Unraveling the Myth of Foxa2 in Endocrine Formation of the Pancreatic LineagesWillmann SJ*
Helmholtz Zentrum München, Ingoldstädter Landstrasse 1, 85764 Neuherberg, Germany
- *Corresponding Author:
- Stefanie Julia Willmann
Türkenstrasse 21, 80799 München
Tel: +49 173 3277430
E-mail: [email protected]
Received date: May 14, 2017; Accepted date: June 12, 2017; Published date: June 19, 2017
Citation: Willmann SJ (2017) Unraveling the Myth of Foxa2 in Endocrine Formation of the Pancreatic Lineages. Cell Dev Biol 6:186. doi:10.4172/2168-9296.1000186
Copyright: © 2017 Willmann SJ. This is an open-access article distributed under the terms of the Creative Commons Attribution License, which permits unrestricted use, distribution, and reproduction in any medium, provided the original author and source are credited.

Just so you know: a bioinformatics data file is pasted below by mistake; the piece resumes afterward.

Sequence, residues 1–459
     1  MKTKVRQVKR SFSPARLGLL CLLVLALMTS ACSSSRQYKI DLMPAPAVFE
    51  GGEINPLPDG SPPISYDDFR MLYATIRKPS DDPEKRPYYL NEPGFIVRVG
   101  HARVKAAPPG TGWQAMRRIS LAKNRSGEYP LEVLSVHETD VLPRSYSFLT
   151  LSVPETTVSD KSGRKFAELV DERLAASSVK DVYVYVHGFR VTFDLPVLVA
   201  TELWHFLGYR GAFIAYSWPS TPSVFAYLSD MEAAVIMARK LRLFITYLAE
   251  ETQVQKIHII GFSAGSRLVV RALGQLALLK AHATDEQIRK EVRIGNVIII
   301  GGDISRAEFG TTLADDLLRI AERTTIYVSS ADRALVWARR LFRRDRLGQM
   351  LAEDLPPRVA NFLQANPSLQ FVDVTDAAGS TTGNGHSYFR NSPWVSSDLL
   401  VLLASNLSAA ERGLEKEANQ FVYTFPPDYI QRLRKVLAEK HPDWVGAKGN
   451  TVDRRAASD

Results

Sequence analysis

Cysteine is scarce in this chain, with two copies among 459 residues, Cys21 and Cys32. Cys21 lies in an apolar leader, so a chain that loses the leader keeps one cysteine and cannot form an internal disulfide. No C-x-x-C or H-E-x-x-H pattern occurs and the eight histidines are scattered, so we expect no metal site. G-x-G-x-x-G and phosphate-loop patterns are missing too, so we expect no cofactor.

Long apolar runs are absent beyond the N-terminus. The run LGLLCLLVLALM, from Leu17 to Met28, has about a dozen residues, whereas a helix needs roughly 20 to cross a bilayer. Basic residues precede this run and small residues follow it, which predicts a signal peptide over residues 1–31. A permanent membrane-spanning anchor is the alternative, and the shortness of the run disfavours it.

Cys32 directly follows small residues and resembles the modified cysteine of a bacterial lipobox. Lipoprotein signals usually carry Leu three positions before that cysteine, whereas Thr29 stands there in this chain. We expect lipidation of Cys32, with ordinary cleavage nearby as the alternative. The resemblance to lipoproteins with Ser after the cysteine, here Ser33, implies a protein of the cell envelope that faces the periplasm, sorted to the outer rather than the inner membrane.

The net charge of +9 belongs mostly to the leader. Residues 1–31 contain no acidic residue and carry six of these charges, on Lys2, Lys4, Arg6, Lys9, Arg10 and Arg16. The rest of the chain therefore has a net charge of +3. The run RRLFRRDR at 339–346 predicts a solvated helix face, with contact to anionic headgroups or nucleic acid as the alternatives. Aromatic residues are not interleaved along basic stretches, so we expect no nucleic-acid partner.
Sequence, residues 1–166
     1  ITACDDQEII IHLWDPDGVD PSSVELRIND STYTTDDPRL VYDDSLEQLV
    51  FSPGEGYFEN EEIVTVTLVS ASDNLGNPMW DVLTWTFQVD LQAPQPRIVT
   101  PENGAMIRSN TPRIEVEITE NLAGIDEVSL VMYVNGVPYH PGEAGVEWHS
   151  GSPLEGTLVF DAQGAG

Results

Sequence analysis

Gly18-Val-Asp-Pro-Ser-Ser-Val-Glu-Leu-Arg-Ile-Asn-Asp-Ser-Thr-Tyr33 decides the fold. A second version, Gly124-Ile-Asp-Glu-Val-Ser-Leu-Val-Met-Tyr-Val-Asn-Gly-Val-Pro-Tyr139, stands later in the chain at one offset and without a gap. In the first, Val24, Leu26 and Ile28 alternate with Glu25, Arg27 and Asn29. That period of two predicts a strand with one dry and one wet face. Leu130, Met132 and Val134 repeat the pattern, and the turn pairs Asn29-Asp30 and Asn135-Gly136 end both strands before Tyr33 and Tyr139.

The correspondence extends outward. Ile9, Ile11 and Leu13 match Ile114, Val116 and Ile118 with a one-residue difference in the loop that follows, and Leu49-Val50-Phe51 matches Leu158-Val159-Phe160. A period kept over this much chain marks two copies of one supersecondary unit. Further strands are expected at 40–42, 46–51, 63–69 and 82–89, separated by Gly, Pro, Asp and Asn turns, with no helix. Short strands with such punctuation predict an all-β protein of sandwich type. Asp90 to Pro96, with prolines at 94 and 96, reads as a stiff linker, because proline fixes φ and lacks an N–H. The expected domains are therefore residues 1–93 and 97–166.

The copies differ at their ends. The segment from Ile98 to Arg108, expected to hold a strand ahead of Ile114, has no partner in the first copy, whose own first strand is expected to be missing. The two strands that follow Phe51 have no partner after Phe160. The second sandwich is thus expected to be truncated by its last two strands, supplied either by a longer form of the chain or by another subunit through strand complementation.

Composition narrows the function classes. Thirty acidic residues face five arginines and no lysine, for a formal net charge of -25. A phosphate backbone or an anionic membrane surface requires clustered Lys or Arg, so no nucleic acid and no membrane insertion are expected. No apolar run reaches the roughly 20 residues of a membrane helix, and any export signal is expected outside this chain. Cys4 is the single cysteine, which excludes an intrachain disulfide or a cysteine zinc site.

Diabetes mellitus is a severe disease caused by the autoimmune destruction and/or secreting defects of the β-cells with a global prognosis of 844 million patients in the next 20 years (The World Health Organization). The differences are stated either as T1D (Type1 Diabetes) or T2D (Type 2 Diabetes), focusing on the occurrence of the disease itself and the inheritance either early in life, at the beginning of the adulthood or in adults. Further studies are progressively made in the process of pregnancy, where a specific subset of diabetes appears for the expectant mother. Thus, making the disease itself a complex challenge in the world health population and on focus in the field of Research and Development. The focus is driven by elucidating the different factors in the maturation steps of the pancreatic insulin-secreting β-cell, impairment in this β-cells lead either to T1D or T2D. The main factor which accelerates the progression of the developing pancreas suggests being the fork head box (Fox) gene Foxa2, targeted deletions of Foxa2 in mice led to increased adiposity on a high-fat diet and decreased adipocyte glucose uptake and glycolysis. Interestingly, the null allele of Foxa2 leads to severe defects in embryogenesis and death at the embryonic stage (E) 10-11, suggesting an important role in the process of organogenesis. Thereby, Foxa2 and its target genes may shed light in specifically elucidating the transcriptional and signaling network which drives the lineage formation within the pancreas and suggests to be a promising target for creating the β-cell in vivo. Insights into the unique expression of Foxa2 in pancreatic organogenesis will accelerate our understanding of pancreatic development and highlight current findings in the field of diabetes.